Viewpoint: U Win Thin, Chairman, Win Consulting
Myanmar’s Internal Revenue Department (IRD) is undergoing tax reforms by gradually introducing an income tax self-assessment system and broadening the tax base to get revenue to lower rates, particularly indirect taxes, much like in neighbouring India and Malaysia.
When commercial tax (CT) was introduced in 1990 it had a mix of features from the goods and services tax (GST) – taxes collected by the seller from end users – and taxes on producers and importers to regulate consumption. As in any taxation system, the regulatory authorities were balancing two main objectives: fairness, on the one hand, as embodied by imposing a uniform rate of value-added tax (VAT) or GST on all consumers; and the regulatory feature, on the other hand, whereby essential goods and services see little to no tax, and those that endanger health, such as alcoholic beverages, are met with heavier taxes.
GST was only applicable to buying and selling, allowing the offset of input tax paid by the first buyer to the subsequent buyer for the avoidance of double taxation. In cases where the unit bought was then transformed into a different unit of sale by the second buyer, identifying the portion of the tax paid in the second buyer’s unit of sale was complex, and thus confused taxpayers.
In 2016 the excise feature of the CT was separated and enshrined in the new Special Goods Tax (SGT) Law. In Myanmar GST is envisaged to remain in CT Law. However, the original CT Law has not been restructured explicitly to place the duty and responsibility (burden or incidence) of the tax on the consumers through collaboration of the sellers. After the separation of the two features with the new SGT regime, the public expected that there would be a very clear future tax administration. However, some misconceptions in the administration of CT still persist because the old CT Law keeps the responsibility of CT assessment on the seller instead of putting it on end users. Moreover, further confusion arises from the fact that all the three tax regimes – income tax, CT and SGT – are being administered by the same department: the IRD. The CT Law definition of revenue receipts was envisaged to place the duty of collection of both cash sales and credit sales on the seller. It also has provisions requiring the filing of quarterly and yearly returns, and ensuring that all sales invoiced to be collected by the seller are duly collected and turned over to the IRD without any delay.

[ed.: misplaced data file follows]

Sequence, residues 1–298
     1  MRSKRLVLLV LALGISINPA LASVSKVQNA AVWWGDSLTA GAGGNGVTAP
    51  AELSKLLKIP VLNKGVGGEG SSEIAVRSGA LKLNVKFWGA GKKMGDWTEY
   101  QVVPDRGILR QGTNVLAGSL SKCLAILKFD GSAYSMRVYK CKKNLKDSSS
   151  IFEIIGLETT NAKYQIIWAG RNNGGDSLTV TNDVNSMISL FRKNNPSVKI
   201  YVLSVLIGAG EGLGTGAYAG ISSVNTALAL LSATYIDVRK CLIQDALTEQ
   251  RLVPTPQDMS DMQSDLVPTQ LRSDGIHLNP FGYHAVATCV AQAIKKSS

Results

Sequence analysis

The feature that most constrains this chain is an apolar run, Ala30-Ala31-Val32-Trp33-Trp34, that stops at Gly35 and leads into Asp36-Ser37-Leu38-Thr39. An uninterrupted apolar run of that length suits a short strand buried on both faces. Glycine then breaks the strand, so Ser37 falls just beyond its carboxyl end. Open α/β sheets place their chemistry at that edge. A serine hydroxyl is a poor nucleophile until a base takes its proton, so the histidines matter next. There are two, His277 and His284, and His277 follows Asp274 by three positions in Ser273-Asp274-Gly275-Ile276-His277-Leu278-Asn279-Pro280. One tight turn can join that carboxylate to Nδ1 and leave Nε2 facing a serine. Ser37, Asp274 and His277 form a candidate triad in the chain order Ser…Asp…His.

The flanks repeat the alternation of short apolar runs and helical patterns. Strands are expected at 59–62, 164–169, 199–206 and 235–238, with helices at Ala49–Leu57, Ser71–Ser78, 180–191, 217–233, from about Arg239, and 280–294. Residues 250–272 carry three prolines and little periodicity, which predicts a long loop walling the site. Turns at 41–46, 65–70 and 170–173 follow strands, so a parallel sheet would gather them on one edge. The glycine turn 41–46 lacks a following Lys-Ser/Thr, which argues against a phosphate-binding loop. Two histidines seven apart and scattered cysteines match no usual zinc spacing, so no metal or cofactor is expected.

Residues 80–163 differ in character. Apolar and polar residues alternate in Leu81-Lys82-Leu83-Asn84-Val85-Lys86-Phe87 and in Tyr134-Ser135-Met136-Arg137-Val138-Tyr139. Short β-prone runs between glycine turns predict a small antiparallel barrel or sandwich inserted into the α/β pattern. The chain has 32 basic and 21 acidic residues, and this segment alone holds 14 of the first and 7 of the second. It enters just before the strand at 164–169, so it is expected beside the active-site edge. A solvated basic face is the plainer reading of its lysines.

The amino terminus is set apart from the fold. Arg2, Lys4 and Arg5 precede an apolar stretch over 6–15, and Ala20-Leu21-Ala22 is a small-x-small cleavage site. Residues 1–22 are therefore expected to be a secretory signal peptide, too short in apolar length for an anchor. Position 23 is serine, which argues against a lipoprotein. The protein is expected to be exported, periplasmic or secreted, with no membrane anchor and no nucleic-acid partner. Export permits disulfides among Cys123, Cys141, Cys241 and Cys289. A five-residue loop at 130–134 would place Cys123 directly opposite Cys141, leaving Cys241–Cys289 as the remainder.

The IRD’s tax administration officers should have comprehensive knowledge of the mechanisms surrounding CT payment and the roles of all the players involved in the process, including the ultimate taxpayer and the seller. Once the seller complies with his or her duty of collecting the CT and remitting it to the IRD, this duty is completed and, unlike income tax, no further burden should be imposed on him or her other than the requirement to file quarterly and annual returns on sales. If the seller does not comply, he or she will be liable to pay the defaulted CT and a nominal penalty. This should not be viewed as tax liability but rather as a penalty for the failure of duty to comply with the tax law.
By interpreting the word “receivable” to include future receivables before they have been invoiced, an officer applying the CT Law issued a notice of demand to the seller, which required the payment of CT on premature revenue recognised under the accounting standards of income tax law, together with the penalty for not paying the CT promptly upon recognition of accrued revenue, even though the seller was paying CT on regularly issued invoices, in addition to a clarification already given by another officer of the same IRD.
When an appeal case was sought, the right to appeal was denied on the grounds of inability to pay or furnish collateral security for payment of the CT and the penalty in full. Instead of only amending the CT Law to remove the excise tax feature, the authorities should have redrafted the new law entirely, starting by changing the name of the tax into either GST or VAT, in order to depict the true nature of the tax, which is actually an indirect tax imposed on individuals and not on businesses.
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